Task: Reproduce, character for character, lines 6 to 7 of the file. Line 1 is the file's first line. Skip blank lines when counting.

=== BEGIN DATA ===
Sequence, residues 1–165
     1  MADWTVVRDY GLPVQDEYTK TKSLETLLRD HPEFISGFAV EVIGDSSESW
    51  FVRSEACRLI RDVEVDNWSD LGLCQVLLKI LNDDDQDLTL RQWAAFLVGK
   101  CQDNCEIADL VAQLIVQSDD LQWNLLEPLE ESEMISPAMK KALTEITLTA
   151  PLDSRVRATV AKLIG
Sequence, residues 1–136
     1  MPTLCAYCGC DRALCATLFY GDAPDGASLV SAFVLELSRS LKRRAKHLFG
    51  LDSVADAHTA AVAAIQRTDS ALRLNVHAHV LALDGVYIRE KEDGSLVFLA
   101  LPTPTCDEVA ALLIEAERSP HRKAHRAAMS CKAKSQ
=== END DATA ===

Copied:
Sequence, residues 1–136
     1  MPTLCAYCGC DRALCATLFY GDAPDGASLV SAFVLELSRS LKRRAKHLFG